Vol 13, Num 8 :: 2014.04.18 — 2014.05.01
Learning versus playing. That dichotomy seems natural to people…. Learning, according to that almost automatic view, is what children do in school and, maybe, in other adult-directed activities. Playing is, at best, a refreshing break from learning. From that view, summer vacation is just a long recess, perhaps longer than necessary. But here’s an alternative view, which should be obvious but apparently is not: playing is learning. At play, children learn the most important of life’s lessons, the ones that cannot be taught in school. To learn these lessons well, children need lots of play — lots and lots of it, without interference from adults.
Peter Gray, “The play deficit” in Aeon Magazine
You know when you come across an article or essay that sticks with you to the point that you find yourself referencing it in an embarrassing number of conversations? Yep, that’s what’s happened with “The play deficit” by Peter Gray, an article that my husband Rob sent me a while back. It comes up in every conversation I have about our current education system — you know, that broken one that has a nasty habit of warehousing both teachers and students in a prison of standardized tests and prescribed benchmarks.
At its worst, that is.
With the modernist quest for measurable goals, many of us want to be in the global race for the highest scores. You might not be an educator but, come on, didn’t you feel a bit stung when the recent numbers came out about how the U.S. ranks so far behind most of the world in every subject? But as Gray points out, the Asian countries at the front of the pack are starting to drop warning messages for those of us stragglers: it’s not working. Gray notes that “a common term used in China to refer to graduates is gaofen dineng, meaning ‘high scores but low ability’. Because students spend nearly all their time studying, they have little opportunity to be creative, take initiative, or develop physical and social skills: in short, they have little opportunity to play.” One of the primary purposes of play, among young across species, is to learn how to be an adult through mimicry — and not only to learn the hard skills of cooking and driving and using a phone, but to become a whole person who feels and interprets and creates and yearns.
Though Gray’s research focuses on play among the young, this work of becoming a whole person certainly doesn’t end when we reach the age of consent (whatever that means). In a talk this past weekend at the Festival of Faith & Writing, graphic novelist Gene Luen Yang credited Neil Gaiman for a bit of advice he shared with the fellow artists in the room: if our lives are all art, we’ll end up with a bunch of skilled writers with nothing to say. We have to have lives outside our work, no matter how absorbing and important that work is. Gaiman himself, in a 2012 commencement speech at the University of the Arts in Philadelphia, advised his audience to mimic the people we hope to be:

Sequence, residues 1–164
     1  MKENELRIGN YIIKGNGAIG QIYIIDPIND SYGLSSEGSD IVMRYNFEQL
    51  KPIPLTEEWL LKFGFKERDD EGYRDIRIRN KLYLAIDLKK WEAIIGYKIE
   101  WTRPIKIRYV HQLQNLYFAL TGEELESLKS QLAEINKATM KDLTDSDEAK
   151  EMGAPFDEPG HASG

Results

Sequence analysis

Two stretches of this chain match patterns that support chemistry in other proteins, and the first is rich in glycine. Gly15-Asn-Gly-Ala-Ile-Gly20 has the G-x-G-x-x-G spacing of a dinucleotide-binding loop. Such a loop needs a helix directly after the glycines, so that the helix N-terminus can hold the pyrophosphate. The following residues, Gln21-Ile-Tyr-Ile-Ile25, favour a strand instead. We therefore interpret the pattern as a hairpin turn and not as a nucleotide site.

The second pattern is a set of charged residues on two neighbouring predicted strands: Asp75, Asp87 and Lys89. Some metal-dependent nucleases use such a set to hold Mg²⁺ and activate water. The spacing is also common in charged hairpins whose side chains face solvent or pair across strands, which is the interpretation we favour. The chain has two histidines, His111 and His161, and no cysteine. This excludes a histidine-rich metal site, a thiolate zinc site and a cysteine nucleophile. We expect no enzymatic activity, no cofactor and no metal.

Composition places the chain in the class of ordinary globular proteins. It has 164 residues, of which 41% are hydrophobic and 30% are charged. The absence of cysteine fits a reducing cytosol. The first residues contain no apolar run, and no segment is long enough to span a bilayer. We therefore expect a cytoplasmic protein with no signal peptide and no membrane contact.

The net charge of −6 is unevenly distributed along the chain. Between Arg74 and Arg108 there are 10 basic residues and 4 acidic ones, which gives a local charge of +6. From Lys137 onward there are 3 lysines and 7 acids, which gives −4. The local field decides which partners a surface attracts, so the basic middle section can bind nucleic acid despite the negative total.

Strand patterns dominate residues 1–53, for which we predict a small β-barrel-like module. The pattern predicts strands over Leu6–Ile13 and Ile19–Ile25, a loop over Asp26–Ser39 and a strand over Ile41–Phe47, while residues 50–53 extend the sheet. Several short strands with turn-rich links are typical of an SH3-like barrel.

Someone asked me recently how to do something she thought was going to be difficult, in this case recording an audio book, and I suggested she pretend that she was someone who could do it. Not pretend to do it, but pretend she was someone who could. She put up a notice to this effect on the studio wall, and she said it helped. So be wise, because the world needs more wisdom, and if you cannot be wise, pretend to be someone who is wise, and then just behave like they would.
And this is where I begin to remember (again) the relevance of my seemingly irrelevant undergraduate training in theatre. Because wholeness and flourishing — shalom, if you will — are not just about self-actualization. It’s not just about delivering the best monologue I possibly can to an audience dying to shower me with applause and roses, but about being a contributing member of the cast in acting out the world we all want to live in. Peter Block, in his philosophical and practical instruction manual called Community: The Structure of Belonging, says that “if every gathering is an occasion for producing for ourselves a future we want to inhabit, then we need to design it for that intention.” This means the sets, the costumes, the words, the emotions, the props – “the play’s the thing wherein we catch the conscience of the King.”
And contrary to what many of us might have picked up along the way in pre-school, elementary school, middle school, high school, Sunday school and most every other kind of school: there is no script. It’s all improvisation, which is both the most exciting and the most terrifying kind of news. We are free to fail. Gaiman concludes his speech with these words:
And now go, and make interesting mistakes, make amazing mistakes, make glorious and fantastic mistakes. Break rules. Leave the world more interesting for your being here. Make good art.
May our education at all stages with life be infused with whimsy and curiosity and creativity and grace, as we seek to image not just idealized versions of ourselves, but a mysterious Word who’s finest performance was not a death scene, but a resurrection.